From Henchman to Hero: quickly change the culture of your company

I know an executive who makes his associates work 24/7. Oh, you know him, too? The arrogant, or ignorant, or insecure one who parallel-paths every workstream with the sort of fast and loose inefficiency that makes you want to weep in your sleep?

But this story is not about him. This story is about you–the mid-level manager who gets sent in to do the dirty work whenever executive’s huevos are too full, and he doesn’t want to be seen as “the bad guy.”

Today you sit with a group of young, red-eyed associates. Your mandate is to yell. To teach these darling fledglings that blinking an eyelash on Saturday at midnight over a false deadline after enduring a grueling work week is unacceptable. In fact, no eyelash-batting shall be permitted ever since “Excellence demands unwavering focus.”

How do you approach it? What do you do?

You surprise us. You don’t bring up the executive order. Not a peep. You know the mere mention will cause more harm than good. You tell us, “I care for your well-being.” You explain that sometimes people lose sight of the big picture. That they grow hardened by the pressures around them.

You apologize. You admit you may have once behaved in such a manner. You thank us for our continued service. You ask us to be open with you if something bothers us. You tell us, “I am honored to have you by my side, and to be by yours.”

When finished, you run out and buy a cup of chamomile tea.

You return to your huevos del diablo of an executive. You hand him the tea, and say, “For you, on me.”

He nods. You nod back. You say, “It’s done.”

Ladies and gentleman, this is what we call a paradigm shift. It is how you change the culture of your company in a single moment.

Yes, in a single moment you set the example of “what good looks like” and it cascades. And, for the first time in what feels like eons, your team feels appreciated. And they work more happily and more efficiently than they ever have.

So, how do you go from henchman to hero in the workplace exactly?

  1. Use your own moral compass to guide your behavior, regardless of the opposition you face. You don’t need to fight the bully. Start by not letting yourself become the bully.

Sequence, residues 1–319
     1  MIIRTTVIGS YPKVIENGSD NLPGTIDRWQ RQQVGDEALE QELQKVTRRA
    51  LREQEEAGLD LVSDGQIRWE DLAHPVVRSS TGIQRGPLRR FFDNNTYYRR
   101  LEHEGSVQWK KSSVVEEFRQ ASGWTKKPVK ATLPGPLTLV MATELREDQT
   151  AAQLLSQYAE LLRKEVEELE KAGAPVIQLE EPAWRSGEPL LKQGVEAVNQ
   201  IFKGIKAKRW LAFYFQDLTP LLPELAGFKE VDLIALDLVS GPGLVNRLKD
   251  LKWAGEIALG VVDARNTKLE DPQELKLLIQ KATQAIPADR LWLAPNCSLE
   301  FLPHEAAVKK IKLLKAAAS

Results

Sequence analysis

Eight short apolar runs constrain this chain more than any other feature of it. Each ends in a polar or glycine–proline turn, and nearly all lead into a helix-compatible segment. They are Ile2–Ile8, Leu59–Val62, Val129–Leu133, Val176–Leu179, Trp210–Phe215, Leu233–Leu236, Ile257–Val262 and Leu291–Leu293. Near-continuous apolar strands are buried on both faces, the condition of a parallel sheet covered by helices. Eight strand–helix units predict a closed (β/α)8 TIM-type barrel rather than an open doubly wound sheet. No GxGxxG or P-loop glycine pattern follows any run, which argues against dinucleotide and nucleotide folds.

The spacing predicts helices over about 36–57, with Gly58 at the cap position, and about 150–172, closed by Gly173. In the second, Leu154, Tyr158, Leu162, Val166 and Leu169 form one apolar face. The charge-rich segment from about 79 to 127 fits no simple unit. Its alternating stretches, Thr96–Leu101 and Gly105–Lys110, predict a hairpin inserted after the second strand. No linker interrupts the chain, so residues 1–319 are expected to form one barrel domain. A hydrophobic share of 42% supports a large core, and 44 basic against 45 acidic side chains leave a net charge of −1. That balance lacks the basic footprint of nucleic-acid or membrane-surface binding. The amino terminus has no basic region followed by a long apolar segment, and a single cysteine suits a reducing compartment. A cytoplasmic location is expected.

2. Step in to help a failing co-worker through coaching, training, redirection, or chamomile tea, particularly when others would rather add insult to injury. And by the way, some call “redirection” “firing” or “sorting.” I like to think of it as helping a tourist find his way around the map, so he can figure out how to get to where he wants to go because you never know when you’ll be lost in a foreign city. It happens to the best of us.
  3. Acknowledge that how we individually see the world is unique and deeply personal. How you experience life matters just as much as how I experience it. The better we consider, console, and celebrate each other, the more passionate we grow. We innovate. We make more money. We live longer. We live healthier. We live happier.
  4. Give credit where credit’s due. For hard work. For excellent work. For a new haircut. For a cool shirt. For a sassy dress. For a hilarious joke. For a thought-provoking question. For a tasty sandwich. For a nice tie. It doesn’t matter what. All that matters is you mean it.

Now that we’re on the same page, I’ll go first, and then you …

Thank you, mid-level manager, for your “insubordinate act” of workplace kindness. You gave me an opportunity to write this piece, which is a mostly true story.

Do you know someone that could use a kudos? An average person in need of a smile? An extraordinary person that deserves a shout-out? An executive del diablo that could use a cup of chamomile? Share this blog. Make their day.

Leave a Reply